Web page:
Thursday, May 10, 2007


Sam Smith

IT'S hard enough defending the First Amendment against the right. But these days one is almost as often likely to find the foe a liberal who believes that free speech only belongs to the righteous, the appropriate and the responsible as defined by people like themselves.

In today's liberal climate it would be hard to get an ACLU off the ground because its potential organizers would be too busy being morally superior to lesser mortals.

The only way out of this trap seems to be to choose among the censors. Do you want liberals or conservatives telling you when to shut up? Those of us who share Walt Kelly's view that we must defend the basic right of all Americans to make damn fools of themselves are in a minority in both camps.

A case in point is the despicable Ann Coulter, who has called John Edwards a "faggot" and suggested that Al Qaeda wants Obama to win the White House.

John Edwards reaction: "Her outrageous comments are inexcusable and should not be tolerated in the public dialogue."

Would attorney Edwards care to enlighten us on what Coulter could have said that would have been tolerated? Would it have been all right to call Edwards a "wimp" or to claim that a President Obama might weaken our stand against Al Qaeda? And how does one discover when the line of inexcusability has been crossed?

The Democrats are also pressing for an expansion of hate crime legislation even though it is clearly constitutional to hate; it's just criminal to do anything about it that hurts someone or their property - matters already well covered by law.

There are other problems with such an approach. It helps to drive hate further underground. It makes it harder to deal with in its political and psychological manifestations and, above all, it helps let off the hook all those related issues such as cross-ethnic economic inequities. Far better, say, to guide angry lower income white frustrations away from blaming immigrants towards tackling the big white guys in charge than implying - as liberals increasingly do - that if they're just nice to people everything will be fine.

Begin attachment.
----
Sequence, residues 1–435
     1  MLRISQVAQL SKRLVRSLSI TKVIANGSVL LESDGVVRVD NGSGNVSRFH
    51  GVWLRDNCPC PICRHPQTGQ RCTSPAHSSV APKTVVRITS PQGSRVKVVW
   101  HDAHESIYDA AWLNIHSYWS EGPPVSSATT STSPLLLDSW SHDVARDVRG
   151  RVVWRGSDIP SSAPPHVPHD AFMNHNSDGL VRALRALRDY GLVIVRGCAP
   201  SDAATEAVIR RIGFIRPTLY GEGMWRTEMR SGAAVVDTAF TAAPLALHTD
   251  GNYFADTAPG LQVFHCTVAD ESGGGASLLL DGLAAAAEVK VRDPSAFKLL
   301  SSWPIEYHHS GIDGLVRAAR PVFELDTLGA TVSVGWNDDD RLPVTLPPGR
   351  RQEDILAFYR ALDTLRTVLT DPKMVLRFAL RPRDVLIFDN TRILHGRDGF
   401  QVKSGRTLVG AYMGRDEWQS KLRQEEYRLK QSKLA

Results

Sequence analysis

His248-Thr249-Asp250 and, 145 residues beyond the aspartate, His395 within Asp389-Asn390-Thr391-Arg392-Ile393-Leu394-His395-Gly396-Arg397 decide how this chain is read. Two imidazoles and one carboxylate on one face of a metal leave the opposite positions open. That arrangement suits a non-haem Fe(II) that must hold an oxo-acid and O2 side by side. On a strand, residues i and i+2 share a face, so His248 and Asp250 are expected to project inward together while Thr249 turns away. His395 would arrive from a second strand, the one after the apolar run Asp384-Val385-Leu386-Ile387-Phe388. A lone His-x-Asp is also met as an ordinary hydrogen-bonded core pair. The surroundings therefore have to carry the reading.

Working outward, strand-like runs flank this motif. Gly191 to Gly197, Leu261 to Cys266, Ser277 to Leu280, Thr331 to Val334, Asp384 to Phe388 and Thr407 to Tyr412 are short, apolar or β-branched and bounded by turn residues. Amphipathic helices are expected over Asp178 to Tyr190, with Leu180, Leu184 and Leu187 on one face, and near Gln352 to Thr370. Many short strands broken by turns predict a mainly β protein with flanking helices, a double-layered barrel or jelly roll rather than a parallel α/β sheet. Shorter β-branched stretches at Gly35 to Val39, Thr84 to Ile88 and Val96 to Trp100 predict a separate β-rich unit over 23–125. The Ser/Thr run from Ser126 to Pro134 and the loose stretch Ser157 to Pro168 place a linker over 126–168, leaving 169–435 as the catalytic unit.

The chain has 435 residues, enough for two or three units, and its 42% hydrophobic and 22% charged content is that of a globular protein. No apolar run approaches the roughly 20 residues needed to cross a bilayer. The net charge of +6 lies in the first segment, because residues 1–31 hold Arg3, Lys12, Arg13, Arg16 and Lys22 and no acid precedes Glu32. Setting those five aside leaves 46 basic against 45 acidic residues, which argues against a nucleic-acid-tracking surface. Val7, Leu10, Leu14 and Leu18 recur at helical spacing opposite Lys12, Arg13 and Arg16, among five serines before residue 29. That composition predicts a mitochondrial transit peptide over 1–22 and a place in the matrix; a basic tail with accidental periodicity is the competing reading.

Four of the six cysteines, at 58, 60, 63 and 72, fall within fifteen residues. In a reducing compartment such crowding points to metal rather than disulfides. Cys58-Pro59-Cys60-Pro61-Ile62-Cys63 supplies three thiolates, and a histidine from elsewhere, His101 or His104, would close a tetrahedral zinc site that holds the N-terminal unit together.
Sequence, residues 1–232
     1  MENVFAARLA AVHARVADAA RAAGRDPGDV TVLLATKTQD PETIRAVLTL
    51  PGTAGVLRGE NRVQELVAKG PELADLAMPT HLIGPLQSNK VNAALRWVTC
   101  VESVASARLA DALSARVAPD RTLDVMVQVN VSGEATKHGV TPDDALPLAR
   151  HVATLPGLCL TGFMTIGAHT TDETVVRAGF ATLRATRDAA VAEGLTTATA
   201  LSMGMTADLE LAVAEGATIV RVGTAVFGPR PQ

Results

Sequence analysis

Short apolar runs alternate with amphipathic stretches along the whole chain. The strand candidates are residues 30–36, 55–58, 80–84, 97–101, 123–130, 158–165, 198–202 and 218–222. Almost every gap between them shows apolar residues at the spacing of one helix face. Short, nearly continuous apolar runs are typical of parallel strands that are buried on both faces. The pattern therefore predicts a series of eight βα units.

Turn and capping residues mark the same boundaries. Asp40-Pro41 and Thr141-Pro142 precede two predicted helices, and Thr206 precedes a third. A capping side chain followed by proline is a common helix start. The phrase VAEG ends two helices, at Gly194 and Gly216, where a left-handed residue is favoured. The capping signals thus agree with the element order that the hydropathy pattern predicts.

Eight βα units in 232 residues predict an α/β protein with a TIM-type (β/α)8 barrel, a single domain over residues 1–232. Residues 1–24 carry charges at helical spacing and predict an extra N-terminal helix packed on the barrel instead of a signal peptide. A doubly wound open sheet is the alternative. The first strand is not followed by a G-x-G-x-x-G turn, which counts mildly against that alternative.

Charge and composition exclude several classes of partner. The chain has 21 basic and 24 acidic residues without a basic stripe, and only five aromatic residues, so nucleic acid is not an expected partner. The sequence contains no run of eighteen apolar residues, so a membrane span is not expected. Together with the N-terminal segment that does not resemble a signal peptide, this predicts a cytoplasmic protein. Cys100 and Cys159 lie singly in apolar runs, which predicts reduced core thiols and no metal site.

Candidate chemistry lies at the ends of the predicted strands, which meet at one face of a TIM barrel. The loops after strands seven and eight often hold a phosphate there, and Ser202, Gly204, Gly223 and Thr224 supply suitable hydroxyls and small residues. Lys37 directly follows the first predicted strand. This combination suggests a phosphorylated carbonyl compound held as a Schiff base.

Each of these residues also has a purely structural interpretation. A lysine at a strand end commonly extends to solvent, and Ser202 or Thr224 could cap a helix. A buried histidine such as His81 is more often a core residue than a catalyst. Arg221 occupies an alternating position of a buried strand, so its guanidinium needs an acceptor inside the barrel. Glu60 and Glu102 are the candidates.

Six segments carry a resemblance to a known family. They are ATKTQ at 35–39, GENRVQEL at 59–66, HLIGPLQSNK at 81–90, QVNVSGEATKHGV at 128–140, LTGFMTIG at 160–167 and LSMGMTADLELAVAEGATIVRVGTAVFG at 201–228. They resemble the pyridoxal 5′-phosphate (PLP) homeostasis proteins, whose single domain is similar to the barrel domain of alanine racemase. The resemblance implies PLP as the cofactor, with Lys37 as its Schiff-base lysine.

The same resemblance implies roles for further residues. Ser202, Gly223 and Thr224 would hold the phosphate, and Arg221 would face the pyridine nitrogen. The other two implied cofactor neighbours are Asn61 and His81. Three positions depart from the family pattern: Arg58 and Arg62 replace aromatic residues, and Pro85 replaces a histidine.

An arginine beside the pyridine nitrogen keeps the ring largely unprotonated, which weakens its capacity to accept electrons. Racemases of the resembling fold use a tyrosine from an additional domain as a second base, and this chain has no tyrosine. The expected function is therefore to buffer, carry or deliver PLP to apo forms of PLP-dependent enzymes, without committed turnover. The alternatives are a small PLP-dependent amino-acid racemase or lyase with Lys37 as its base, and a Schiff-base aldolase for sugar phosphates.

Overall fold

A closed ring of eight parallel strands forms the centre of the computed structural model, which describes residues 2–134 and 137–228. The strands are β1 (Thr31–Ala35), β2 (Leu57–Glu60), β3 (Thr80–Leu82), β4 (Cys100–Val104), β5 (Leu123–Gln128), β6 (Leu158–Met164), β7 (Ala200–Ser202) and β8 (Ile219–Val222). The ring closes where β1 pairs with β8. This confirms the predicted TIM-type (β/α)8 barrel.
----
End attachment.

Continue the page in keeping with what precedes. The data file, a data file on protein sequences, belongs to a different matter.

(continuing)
Unfortunately, liberals increasingly have become indifferent to the economic issues that a populist progressive would use to redirect misplaced anger. The liberal message has become one of propriety over progress and in the end you get neither.

Since Edwards presumably is trying to learn as much about populism as he has about hedge funds, here's a suggestion. Say that Coulter can utter any stupid and mean thing she wants but if she does it on radio or TV, under an Edwards presidency, there will be a revival of the broadcast fairness rule so that her victims can come right back at her on the same outlet. And talk about Coulter's ties with the big businesses that are ruining the lives and communities of so many Americans.

Broadcasting didn't used to be this nasty. But the robber barons of the RBCB era* worked their evil magic on the airwaves just as they did on everything else. They killed the fairness doctrine and fostered the rise of the repulsive right.

In the end, what we need is not less free speech but more of it.

* RBCB is the Progressive Review's neologism of the day, standing for the Reagan-Bush-Clinton-Bush era